Living in the Past, Part Two: The Big 12 Ten Years Ago

Posted by cwilliams on November 2nd, 2011

Last Friday, I began my exploration of the state of Big 12 basketball ten years ago. I examined Kansas, Baylor, Iowa State, Kansas State, and Missouri. Today, I’ll finish the piece by examining the 2001-02 seasons of the remaining Big 12 teams.


Hollis Price Had OU On Top of the Hoops Heap Ten Years Ago (AP)

Today, Oklahoma basketball is struggling after consecutive years of underachieving. But ten years ago, Oklahoma’s basketball program reached its pinnacle, winning the Big 12 Tournament and appearing in the school’s fourth Final Four. The Sooners were led by dynamic guard Hollis Price, who at the time was widely considered the best basketball player to come from the Sooner State since Wayman Tisdale. The 2001-02 Sooners started the season with a 13-game winning streak, and finished it with a 12-game winning streak before falling to upstart Indiana in the 2002 Final Four.

Oklahoma State

The Oklahoma State teams of the early 2000s seemed to always teeter on the line of greatness, but never seemed able to reach it until its 2003-04 breakout season where the Pokes went all the way to the Final Four. Unfortunately, the 2001-02 Cowboy team didn’t have the same essential pieces as that Final Four team. The team started out very hot, winning its first 13 games and moving up to #5 in the nation by Christmas Day. Things became difficult for the Cowboys once they entered conference play, though, and Eddie Sutton’s team never seemed to find its stride. For three weeks, OSU followed two consecutive conference wins with two consecutive conference losses. The team fizzled in the postseason, losing in the first round of the Big 12 Tournament to Texas Tech, and proceeding to get knocked out in the first round of the NCAA Tournament by Cinderella Kent State.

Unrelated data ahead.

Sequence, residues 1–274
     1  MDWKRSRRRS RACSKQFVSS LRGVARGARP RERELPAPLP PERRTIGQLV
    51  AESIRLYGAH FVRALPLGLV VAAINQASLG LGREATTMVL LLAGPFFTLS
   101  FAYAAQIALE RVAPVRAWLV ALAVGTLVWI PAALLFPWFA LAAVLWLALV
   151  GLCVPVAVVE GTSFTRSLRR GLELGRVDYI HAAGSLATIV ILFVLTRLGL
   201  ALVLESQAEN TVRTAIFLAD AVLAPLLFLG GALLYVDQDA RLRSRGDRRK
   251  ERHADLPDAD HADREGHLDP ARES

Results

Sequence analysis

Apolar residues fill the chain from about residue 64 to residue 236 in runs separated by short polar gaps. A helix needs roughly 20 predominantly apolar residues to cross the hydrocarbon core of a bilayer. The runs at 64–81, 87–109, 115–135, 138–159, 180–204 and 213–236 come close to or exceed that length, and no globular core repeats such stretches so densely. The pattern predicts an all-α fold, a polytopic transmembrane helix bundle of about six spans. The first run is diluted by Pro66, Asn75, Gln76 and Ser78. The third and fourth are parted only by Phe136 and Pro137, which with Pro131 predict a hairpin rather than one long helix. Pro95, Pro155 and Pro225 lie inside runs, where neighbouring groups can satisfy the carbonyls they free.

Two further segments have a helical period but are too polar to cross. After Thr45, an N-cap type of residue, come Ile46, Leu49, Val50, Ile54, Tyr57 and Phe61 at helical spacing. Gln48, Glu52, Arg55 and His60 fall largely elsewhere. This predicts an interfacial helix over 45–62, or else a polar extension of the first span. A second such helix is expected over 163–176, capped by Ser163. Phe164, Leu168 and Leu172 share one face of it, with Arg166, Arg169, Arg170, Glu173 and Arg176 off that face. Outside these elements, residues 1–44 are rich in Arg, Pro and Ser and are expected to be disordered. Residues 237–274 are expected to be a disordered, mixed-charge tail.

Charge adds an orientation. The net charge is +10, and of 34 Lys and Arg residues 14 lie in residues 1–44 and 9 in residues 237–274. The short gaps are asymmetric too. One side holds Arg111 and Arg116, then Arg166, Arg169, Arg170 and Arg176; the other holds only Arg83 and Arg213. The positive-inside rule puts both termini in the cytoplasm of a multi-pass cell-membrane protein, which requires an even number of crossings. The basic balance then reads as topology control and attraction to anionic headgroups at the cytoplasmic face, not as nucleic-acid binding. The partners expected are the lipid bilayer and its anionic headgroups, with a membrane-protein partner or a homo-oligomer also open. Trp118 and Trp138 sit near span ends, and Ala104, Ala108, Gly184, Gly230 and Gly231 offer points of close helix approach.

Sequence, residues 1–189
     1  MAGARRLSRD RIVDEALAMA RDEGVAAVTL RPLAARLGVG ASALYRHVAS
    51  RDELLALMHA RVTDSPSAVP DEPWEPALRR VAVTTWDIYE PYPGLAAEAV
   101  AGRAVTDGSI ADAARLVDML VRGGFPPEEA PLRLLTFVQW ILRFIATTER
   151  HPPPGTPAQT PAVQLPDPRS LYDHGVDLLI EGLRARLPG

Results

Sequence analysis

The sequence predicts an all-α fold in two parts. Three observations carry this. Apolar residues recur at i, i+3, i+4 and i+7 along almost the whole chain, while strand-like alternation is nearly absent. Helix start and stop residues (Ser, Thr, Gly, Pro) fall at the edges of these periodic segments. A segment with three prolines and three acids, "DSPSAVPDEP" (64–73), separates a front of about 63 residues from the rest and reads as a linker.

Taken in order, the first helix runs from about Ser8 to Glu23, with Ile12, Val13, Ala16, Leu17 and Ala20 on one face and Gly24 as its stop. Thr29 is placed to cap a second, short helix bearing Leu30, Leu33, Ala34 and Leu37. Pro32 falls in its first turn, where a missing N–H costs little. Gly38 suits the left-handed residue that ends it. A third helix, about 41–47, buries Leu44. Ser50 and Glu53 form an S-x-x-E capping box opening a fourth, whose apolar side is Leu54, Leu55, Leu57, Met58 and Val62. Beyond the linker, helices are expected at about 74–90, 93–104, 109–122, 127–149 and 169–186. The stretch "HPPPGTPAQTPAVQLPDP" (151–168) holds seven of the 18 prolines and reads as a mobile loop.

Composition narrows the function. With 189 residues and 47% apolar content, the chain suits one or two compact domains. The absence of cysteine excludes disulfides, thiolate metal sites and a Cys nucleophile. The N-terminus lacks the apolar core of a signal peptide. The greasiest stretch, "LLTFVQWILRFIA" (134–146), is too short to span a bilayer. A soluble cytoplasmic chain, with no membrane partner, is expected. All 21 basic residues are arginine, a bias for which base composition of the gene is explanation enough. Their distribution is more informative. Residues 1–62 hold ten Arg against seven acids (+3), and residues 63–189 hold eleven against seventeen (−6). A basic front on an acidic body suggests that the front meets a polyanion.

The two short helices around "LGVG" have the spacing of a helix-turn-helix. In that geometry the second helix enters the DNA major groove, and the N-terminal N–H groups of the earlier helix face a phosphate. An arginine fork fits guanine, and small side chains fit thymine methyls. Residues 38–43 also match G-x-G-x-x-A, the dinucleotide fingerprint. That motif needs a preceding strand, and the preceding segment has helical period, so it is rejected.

In 2001-02, arguably the most talented Texas basketball team ever stepped on the court. Unfortunately, most of the talent was only 18 and 19 years old, and the Longhorns didn’t have the veterans or leadership necessary for a championship-caliber team. Consisting of a strong sophomore core of Royal Ivey, Brandon Mouton and James Thomas, plus a freshman sensation that swept the nation known as T.J Ford, the Longhorns had one heck of a basketball team on paper. The young team experienced some early speed bumps by starting the season 1-3, but as the season progressed, the Longhorns gelled into a cohesive unit and playing exciting basketball. They finished third in the Big 12, and eventually fought their way to the Sweet Sixteen where they fell to a very good Oregon team. The 2001-02 team was simply the first chapter in the story of the 2002-03 Final Four Longhorn team.

Texas A&M

My, how fortunes can change. Texas A&M, one of the most consistent programs in college hoops these days, was just a shadow of their current program in 2001-02. They would finish last in the Big 12 and would not reach the 10-win mark at all. The Aggies lost to the likes of Illinois-Chicago, Louisiana-Monroe, and Centenary that year. Guard Bernard King was one of the few bright spots of this Aggie team, averaging 17.2 PPG.

Texas Tech

In 2001, We Welcomed The General to the Big 12 (credit:

In 2001-02, Lubbock was introduced to basketball. Ok, not really, they’ve always had a team, but when Bob Knight came to the Texas Tech campus, everything about the program changed from their number of fans to, ultimately, their number of wins. In his first year leading the Red Raiders, The General created quite the turnaround for TTU, leading them to a 23-9 season after going 9-19 in the previous season. The Red Raiders made their first NCAA Tournament appearance since 1996. Leading the Red Raiders at guard was sophomore sensation Andre Emmett, who averaged 18.7 PPG that season.

cwilliams (48 Posts)

Share this story

One response to “Living in the Past, Part Two: The Big 12 Ten Years Ago”

  1. PrettyPaula says:

    Hollis is one of my all time faves in the college ranks. Thanks for the trip down memory lane….

Leave a Reply

Your email address will not be published. Required fields are marked *